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Albert Chinualumogu Achebe – Things Fall Apart

Albert Chinualumogu Achebe was born on November 16, 1930 in a large village in Nigeria called Ogidi. His father was a Protestant missionary and he received an English education in his early childhood. Despite his background, he had a multicultural upbringing. This is due to the fact that the inhabitants of Ogidi still followed many ancient and traditional Igbo culture. Achebe attended the Government College from 1944 to 1947 and graduated from University College, Ibadan in 1953. While he was in college, he studied history and theology. After developing a profound interest in Nigerian cultures, he dropped his Christian name of Albert and picked up his native name of Chinua. Achebe was a founder of the Nigerian literary

movement in the 1950’s. He wanted to help others learn that cultures in Africa were more than what meets the eye. He wanted to show that native Africans were not as primitive, language-less, and socially backward as Englishmen like Joseph Conrad displayed in literary pieces. In his response to Conrad’s Heart of Darkness, Achebe published Things

Fall Apart in 1959.

Things Fall Apart depicts a man named Okonwo and his family. Okonwo is a wealthy warrior who strives to uphold his manliness and not show any amount of weakness. He feels disgraced by his father who died poor and of a shameful death. His main goal in life is to gain the power and wealth that his father never had. He finds his twelve-year-old son lazy and worries that he will one day become his father. Along the way, Okonwo gains a young boy whom he admires as a son. His biological son looks to him as an older brother. The boy eventually must be killed and starts the beginning of the demise of Okonwo. At the ceremony honoring a village warrior who has passed, Okonwo’s gun accidently explodes and the elder’s son is killed. This causes Okonwo and his family to go into exile for seven years.

When they return, Christians have settled into their village and converted many of the villagers. In a desperate attempt to regain the strength Okonwo once had, he kills one of the Christian missionaries. He immediately realizes that the rest of his colony does not want to go to war and does not follow his steps to kill the other Christians. Believing his future fate will be much worse and feeling like nothing more than a disgrace, Okonwo commits the greatest sin. He is found by the village commissioners after hanging himself.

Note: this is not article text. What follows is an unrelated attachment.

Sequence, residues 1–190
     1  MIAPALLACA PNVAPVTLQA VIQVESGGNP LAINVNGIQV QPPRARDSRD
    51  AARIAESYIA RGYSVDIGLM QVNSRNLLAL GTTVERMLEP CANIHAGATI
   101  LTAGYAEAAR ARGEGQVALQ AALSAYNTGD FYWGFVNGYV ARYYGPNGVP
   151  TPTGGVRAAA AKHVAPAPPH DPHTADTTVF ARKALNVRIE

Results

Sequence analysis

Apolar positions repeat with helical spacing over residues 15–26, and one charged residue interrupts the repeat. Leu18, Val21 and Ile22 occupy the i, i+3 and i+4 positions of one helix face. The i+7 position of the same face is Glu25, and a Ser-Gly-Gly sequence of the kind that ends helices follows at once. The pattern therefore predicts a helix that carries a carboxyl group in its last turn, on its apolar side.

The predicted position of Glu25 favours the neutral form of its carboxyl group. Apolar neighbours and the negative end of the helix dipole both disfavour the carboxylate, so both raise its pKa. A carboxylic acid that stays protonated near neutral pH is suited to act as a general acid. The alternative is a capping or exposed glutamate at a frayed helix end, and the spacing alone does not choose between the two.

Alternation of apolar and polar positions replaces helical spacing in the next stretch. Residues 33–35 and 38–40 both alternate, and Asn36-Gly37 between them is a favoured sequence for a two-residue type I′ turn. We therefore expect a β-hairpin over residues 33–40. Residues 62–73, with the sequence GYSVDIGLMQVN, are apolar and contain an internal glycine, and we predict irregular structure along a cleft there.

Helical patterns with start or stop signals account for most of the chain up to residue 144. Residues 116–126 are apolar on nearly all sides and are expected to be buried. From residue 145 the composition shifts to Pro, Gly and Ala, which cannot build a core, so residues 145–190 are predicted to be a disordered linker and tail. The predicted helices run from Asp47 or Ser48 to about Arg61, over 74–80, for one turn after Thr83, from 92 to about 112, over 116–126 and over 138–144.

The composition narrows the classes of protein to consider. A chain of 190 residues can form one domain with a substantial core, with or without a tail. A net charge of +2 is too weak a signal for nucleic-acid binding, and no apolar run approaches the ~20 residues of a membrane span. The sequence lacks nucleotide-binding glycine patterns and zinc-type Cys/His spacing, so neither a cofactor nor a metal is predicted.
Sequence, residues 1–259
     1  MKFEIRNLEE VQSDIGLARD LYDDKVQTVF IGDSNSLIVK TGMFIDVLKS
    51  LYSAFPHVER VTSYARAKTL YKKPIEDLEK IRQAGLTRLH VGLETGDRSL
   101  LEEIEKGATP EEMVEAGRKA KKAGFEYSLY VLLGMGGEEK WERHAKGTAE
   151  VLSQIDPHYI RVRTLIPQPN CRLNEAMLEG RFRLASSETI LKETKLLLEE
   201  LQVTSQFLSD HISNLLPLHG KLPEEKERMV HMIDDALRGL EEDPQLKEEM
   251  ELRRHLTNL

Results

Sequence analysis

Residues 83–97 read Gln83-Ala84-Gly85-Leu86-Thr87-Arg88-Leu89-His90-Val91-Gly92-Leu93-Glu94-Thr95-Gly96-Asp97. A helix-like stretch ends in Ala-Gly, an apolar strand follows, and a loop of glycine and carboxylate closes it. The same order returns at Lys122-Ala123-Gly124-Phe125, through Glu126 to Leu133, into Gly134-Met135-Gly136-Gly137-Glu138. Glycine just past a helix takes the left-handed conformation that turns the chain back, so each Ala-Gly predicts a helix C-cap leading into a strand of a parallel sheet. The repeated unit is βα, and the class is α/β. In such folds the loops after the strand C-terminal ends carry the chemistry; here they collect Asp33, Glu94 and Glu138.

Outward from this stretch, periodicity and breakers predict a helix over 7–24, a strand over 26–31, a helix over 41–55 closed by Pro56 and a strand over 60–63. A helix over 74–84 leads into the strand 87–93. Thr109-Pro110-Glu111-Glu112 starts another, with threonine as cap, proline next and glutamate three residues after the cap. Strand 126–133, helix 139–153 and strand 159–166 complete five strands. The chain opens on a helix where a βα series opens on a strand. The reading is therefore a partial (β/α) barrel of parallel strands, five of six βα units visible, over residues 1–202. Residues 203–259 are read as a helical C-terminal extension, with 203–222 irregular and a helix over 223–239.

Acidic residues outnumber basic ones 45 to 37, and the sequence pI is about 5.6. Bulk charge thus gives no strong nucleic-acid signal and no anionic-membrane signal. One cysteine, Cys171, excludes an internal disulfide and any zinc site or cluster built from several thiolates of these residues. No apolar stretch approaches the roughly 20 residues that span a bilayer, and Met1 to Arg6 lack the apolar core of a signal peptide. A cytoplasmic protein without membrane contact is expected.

Throughout the story, Okonwo strives for nothing more than masculinity. His want for this trait is in result of his feelings for his father. He wants to be on top of his father’s legacy and known as a greater man. His father was against war, he was extremely poor, and had a love of language. To Okonwo, he was a complete failure. Okonwo avenged his father by becoming a wealthy warrior. He gained respect in his village by defeating Amalinze the Cat in a wrestling match.

When a member of the village is murdered in a nearby village, Okonwo is sent to retrieve a virgin and a young man from the wrongful village. The young man, Ikemefuna is sent to live with Okonwo, his three wives, and eight children. The boy soon becomes part of the family and shows much potential to be a strong warrior. Okonwo is very fond of him but does not show this. Weakness is his greatest fear. For him, to be weak is to be womanly. When Okonwo finds out that Ikemefuna is to be murdered in repentance for the woman who died in his own village, he is extremely upset. Although he does not show it, he considers Ikemefuna a son and is very distraught by his upcoming fate. He is told not to take part in the murder because of the bond that they share.

When it comes time, Okonwo disregards the orders in order to show his masculinity. When his son finds out about Ikemefuna’s fate, he is very upset. This breaks Okonwo down inside and he goes into a depression. He feels weak and has no desire to eat.